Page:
Mothers should seek out safe, effective, and sensible healthcare services before, during, and after their pregnancy. Sadly, more and more new mothers are being put on potentially addictive opioid painkillers postpartum. Why is this wrong? And what can moms do to treat postpartum pain without resorting to painkillers?
Many families seeking addiction recovery for a loved one are told that medication-assisted treatment with buprenorphine is the only way to go. It takes understanding the liabilities of buprenorphine treatment to know the answer.
In a concerning research paper published by the Centers for Disease Control and Prevention, it was found that more than half of the 4.2 million people in the United States who misused prescription opioids between 2012 and 2014 also struggled with binge drinking habits.
I understand the media has to get its headlines somehow, so I’m usually not surprised by what I see in the news. But the most recent issue of U.S. News had an article titled, “Could CBD Treat Opioid Addiction?“ Such a statement is undoubtedly an eye-grabber, and it’s a dangerous statement too.
Our country is in the midst of an opioid addiction epidemic. By now it would be difficult not to hear something about this. A story having to do with the opioid crisis can be found in the news just about every day. But it’s not just an opioid epidemic.
Overcoming hardships is a part of the natural process of life. I don’t think anyone could say that life is “easy” for anyone. Challenges and obstacles are things we must all face from time to time. It’s just a part of life on planet Earth. Welcome to the show.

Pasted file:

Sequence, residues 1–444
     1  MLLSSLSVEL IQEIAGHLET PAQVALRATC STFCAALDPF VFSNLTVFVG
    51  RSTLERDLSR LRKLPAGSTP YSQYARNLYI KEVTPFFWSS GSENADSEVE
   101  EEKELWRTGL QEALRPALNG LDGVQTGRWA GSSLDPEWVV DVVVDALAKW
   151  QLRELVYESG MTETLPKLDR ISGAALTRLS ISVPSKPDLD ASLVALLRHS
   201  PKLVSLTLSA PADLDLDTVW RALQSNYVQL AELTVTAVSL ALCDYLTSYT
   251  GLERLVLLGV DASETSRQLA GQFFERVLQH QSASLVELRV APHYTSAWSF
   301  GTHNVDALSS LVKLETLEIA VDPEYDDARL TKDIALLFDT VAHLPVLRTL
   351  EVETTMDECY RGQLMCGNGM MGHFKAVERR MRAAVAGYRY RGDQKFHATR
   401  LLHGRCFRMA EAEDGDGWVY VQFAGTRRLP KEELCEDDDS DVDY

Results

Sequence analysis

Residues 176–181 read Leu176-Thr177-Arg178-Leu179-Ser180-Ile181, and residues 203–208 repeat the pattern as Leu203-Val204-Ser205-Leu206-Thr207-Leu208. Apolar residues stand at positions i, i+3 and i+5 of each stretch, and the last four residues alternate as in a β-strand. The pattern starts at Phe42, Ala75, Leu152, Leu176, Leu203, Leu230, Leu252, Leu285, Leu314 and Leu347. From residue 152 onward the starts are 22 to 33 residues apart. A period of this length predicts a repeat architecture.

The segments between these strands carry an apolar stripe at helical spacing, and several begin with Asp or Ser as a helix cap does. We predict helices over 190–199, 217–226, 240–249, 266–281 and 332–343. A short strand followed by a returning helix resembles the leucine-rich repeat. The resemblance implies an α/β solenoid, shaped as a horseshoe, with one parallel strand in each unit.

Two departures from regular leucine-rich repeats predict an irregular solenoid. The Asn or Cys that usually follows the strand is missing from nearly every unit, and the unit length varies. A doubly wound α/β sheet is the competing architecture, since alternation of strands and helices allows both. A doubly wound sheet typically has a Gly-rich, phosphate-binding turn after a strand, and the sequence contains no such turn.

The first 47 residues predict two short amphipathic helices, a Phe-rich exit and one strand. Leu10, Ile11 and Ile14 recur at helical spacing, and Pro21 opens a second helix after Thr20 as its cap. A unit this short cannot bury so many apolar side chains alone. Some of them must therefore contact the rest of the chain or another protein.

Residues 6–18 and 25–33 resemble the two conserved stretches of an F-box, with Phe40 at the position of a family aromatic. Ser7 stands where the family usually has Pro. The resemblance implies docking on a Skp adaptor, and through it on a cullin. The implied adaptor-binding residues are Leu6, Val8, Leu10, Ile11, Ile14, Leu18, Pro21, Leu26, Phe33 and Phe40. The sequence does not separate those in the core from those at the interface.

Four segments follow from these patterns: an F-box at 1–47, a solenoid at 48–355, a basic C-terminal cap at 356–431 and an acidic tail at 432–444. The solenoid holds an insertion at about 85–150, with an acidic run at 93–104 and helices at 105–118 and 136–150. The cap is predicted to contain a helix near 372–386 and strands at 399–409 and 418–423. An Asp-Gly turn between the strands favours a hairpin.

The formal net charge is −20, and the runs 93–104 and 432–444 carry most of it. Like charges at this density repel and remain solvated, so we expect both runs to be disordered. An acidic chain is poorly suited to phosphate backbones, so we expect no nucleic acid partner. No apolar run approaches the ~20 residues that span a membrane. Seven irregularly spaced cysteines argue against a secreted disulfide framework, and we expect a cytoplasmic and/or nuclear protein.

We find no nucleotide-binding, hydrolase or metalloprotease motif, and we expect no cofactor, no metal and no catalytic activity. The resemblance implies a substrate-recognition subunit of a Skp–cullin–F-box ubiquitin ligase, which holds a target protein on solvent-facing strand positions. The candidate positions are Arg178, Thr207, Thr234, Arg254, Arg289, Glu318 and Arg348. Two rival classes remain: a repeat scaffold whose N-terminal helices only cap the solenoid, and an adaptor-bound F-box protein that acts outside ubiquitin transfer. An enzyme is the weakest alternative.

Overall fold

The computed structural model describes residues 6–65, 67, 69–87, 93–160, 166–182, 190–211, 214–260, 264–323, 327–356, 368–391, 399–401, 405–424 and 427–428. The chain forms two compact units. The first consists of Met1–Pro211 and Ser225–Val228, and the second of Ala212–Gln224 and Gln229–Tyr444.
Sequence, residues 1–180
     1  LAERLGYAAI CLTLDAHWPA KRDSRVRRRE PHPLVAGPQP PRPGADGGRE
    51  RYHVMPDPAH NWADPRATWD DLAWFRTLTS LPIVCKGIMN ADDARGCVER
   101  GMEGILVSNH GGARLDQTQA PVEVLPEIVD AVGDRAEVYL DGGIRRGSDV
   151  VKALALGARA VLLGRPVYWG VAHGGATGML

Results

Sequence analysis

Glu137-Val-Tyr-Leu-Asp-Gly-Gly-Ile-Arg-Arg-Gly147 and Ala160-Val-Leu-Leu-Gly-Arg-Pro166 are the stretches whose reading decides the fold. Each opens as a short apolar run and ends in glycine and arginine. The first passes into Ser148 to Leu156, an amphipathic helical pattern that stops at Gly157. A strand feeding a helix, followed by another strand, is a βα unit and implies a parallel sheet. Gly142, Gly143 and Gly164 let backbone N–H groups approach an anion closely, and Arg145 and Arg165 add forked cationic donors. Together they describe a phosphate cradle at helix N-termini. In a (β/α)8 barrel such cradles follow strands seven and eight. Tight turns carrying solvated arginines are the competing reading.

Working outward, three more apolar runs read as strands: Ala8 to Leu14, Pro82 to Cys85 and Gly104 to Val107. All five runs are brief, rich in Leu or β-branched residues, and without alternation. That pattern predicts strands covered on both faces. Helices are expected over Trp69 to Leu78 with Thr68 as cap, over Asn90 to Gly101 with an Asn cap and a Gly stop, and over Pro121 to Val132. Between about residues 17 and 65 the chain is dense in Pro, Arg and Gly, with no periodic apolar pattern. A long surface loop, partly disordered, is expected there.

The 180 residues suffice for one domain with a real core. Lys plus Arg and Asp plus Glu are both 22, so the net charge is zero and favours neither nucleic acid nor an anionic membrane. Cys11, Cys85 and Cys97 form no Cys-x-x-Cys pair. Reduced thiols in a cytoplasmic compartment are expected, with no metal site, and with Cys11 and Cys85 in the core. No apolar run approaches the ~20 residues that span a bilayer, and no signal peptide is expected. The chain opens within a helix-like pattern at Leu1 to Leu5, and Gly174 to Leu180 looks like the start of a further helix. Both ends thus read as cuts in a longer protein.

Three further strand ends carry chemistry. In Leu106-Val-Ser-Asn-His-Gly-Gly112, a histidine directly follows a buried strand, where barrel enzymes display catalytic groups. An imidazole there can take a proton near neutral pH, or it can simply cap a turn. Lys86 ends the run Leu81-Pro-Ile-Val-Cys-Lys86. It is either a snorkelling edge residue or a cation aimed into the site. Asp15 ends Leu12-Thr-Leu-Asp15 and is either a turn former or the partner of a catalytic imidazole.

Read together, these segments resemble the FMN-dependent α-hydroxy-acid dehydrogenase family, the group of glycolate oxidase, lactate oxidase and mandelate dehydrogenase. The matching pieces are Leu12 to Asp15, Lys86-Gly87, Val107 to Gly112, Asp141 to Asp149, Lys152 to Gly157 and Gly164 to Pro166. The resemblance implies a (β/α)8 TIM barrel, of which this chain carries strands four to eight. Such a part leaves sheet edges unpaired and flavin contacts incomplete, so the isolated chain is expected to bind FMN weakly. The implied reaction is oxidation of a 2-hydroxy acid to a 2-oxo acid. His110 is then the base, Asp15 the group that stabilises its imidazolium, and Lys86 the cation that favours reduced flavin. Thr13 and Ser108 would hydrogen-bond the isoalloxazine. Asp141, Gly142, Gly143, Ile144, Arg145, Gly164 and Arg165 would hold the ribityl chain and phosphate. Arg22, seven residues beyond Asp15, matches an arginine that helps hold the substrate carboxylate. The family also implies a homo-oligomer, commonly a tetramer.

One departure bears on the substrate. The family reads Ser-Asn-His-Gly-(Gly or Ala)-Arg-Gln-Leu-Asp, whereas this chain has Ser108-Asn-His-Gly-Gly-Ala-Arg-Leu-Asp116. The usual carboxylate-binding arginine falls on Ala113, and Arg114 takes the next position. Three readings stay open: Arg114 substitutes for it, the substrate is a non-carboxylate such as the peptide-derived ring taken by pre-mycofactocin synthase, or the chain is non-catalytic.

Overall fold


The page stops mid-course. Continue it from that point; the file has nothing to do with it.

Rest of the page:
Most of the headlines I see on America’s addiction crisis are related to the opioid epidemic, and rightly so. Opiates account for a significant portion of our nation's drug crisis. But it’s not the only drug to be aware of.
When we hear the words, “HIV outbreak” odds are we think of Africa, or maybe the United States in the early to mid-1990s. Even if we consider an “HIV outbreak” as occurring on American soil, we instantly assume cloud-shrouded high rises, sprawling urban metropolis, and downtrodden poor neighborhoods tucked back into the industrial districts.
We hear on the news these days that the U.S. struggles with an “opioid epidemic,” “an addiction crisis,” or a “national public health emergency.” All of this is true. But what we don’t hear about are the addiction struggles of other countries.
We’ve heard the story time and time again regarding drug overdoses and fatalities. We know that drug use is highly dangerous because it is highly fatal.